Tired of all this talk about bear markets? All you need to do is expand your mode of thinking beyond stocks. Let’s do that and see if we can find a bull market.
First a quick look back. US Treasury bond prices hit a peak on July 5, 2016, and went into a bear market lasting over two years. I have in mind the market weight of maturities from 1-30 years represented by the iShares fund GOVT. This fund reached a peak price of $26.45, and declined as far as $24.05 on November 8, 2018. I believe that to have been the bottom for this cycle. That would mean a new bull market in US Treasuries was born on that date.
Despite the ongoing financial media talk of a rising rate environment, I believe the rising rate cycle is over.
Can we find any more bull markets? After a four year bear market, gold prices bottomed on November 23, 2015, and have been zigzagging their way higher since. After a bear zag for much of this year, the most recent low occurred on October 8, 2018; that is, just a few weeks ago. Synthetic Systems projects further upside over the coming months. A pattern of higher lows and higher highs constitutes a bull market.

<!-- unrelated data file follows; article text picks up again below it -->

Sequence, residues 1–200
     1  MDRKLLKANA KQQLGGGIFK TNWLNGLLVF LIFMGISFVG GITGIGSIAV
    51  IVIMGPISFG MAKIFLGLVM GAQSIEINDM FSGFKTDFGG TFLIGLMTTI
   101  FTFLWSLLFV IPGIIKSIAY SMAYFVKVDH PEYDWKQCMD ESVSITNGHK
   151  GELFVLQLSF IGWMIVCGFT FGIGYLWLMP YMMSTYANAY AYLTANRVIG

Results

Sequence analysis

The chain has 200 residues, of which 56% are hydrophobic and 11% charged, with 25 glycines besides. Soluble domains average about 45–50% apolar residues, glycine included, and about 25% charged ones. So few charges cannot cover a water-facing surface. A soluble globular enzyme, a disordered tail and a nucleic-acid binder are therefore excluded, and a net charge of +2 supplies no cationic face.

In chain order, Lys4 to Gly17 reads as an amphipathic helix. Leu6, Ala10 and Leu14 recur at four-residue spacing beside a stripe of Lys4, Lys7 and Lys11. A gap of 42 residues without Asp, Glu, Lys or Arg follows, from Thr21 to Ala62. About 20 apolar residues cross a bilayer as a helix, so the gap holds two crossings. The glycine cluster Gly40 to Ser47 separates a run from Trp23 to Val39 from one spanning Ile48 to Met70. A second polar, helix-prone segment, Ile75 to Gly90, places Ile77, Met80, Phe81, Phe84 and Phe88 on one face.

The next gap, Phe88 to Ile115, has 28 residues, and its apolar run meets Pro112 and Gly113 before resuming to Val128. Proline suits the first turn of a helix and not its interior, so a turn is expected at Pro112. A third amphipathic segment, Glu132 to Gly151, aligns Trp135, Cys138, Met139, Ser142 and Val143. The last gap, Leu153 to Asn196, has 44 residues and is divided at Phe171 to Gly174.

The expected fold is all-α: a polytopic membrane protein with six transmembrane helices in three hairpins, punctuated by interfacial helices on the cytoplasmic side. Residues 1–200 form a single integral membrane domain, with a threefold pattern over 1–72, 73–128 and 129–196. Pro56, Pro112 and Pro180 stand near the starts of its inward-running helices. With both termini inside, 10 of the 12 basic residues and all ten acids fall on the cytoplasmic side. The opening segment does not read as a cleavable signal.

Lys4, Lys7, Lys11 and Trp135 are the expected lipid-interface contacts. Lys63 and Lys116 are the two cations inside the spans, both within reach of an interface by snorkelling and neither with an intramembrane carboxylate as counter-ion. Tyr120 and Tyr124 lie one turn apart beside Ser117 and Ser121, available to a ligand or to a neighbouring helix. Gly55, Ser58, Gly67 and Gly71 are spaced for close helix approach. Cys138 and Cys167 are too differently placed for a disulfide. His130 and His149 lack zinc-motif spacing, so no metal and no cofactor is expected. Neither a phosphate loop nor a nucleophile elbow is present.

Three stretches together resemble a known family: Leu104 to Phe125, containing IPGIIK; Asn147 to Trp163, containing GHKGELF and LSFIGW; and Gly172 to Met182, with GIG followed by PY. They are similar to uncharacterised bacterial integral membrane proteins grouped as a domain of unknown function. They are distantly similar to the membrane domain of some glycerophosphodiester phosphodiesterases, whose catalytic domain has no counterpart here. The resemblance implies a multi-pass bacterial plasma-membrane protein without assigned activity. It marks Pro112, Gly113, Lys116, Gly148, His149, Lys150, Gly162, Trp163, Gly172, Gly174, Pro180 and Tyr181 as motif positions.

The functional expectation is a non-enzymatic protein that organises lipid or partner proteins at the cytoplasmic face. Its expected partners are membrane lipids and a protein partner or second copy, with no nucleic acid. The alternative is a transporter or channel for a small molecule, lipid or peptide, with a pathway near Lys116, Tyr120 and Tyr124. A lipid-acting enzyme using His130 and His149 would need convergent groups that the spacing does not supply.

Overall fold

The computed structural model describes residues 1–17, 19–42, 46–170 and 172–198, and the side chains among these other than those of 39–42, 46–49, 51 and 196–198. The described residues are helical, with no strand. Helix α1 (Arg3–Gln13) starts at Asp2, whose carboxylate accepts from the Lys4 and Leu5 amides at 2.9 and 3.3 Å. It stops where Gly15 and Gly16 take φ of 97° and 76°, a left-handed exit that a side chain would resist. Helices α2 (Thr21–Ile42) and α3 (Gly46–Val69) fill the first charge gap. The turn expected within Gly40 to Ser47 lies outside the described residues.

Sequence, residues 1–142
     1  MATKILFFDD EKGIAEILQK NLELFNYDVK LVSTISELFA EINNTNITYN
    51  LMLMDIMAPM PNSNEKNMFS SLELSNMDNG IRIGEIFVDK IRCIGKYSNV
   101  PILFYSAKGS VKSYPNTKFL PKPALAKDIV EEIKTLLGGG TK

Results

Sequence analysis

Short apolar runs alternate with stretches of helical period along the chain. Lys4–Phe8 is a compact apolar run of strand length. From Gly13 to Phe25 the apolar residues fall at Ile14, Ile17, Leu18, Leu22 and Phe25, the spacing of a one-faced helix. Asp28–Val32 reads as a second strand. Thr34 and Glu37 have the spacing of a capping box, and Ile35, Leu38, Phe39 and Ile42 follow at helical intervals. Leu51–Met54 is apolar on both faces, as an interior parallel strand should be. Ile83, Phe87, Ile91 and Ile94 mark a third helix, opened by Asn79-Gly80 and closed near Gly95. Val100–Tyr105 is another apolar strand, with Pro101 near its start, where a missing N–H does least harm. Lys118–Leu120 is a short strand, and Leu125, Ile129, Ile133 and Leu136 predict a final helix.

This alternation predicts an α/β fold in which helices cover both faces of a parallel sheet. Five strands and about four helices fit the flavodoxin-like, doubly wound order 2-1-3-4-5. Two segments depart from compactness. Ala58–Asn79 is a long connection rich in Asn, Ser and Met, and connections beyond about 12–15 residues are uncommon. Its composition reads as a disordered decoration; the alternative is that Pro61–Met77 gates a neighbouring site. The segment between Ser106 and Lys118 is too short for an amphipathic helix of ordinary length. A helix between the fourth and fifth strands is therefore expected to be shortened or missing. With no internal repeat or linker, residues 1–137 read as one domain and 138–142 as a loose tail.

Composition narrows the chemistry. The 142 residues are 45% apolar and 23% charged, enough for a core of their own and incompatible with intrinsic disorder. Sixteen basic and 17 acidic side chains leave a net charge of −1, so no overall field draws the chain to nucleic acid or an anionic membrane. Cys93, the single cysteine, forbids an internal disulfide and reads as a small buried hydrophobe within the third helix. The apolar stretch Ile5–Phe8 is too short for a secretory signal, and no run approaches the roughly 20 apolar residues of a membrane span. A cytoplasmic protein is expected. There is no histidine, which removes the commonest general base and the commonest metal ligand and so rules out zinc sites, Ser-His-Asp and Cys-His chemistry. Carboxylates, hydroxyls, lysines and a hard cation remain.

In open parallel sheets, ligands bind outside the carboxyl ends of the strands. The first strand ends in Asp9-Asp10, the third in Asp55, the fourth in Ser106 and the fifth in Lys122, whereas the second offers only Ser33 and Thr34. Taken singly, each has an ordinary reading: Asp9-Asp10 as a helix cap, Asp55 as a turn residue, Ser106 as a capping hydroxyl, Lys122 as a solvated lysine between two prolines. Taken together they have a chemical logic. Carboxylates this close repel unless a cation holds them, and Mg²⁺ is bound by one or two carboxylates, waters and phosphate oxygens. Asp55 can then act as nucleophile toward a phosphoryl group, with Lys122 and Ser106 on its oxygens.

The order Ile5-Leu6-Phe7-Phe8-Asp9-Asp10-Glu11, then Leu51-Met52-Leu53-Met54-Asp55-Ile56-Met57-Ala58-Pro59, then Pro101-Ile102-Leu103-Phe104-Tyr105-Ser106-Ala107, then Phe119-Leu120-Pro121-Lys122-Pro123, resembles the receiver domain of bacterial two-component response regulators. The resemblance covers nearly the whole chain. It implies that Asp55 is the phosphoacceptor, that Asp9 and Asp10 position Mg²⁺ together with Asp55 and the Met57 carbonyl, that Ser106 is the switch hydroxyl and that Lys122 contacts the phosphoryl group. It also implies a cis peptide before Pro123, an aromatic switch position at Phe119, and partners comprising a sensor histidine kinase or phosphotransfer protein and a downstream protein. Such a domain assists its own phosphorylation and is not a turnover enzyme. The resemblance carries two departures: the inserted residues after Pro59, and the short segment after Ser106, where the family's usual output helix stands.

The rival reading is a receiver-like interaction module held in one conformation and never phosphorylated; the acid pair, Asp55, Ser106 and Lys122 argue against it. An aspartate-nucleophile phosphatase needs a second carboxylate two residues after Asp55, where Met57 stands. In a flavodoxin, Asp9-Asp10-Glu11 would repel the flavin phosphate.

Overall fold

From the story standpoint, the case is that the bear market in stocks and weakening economic data will lead to easier monetary policy. This means lower interest rates and a weaker dollar. And bull markets in Treasury bonds and gold.
In An Investing Primer, we outlined the case for a diversified portfolio including US stocks, foreign stocks, US Treasuries, and gold. Because of the differing ways these asset classes respond to different economic environments, it’s rare to go very long without finding at least one in a bull market. So if you find yourself discouraged by talk of a bear market, remember there’s always a bull market somewhere.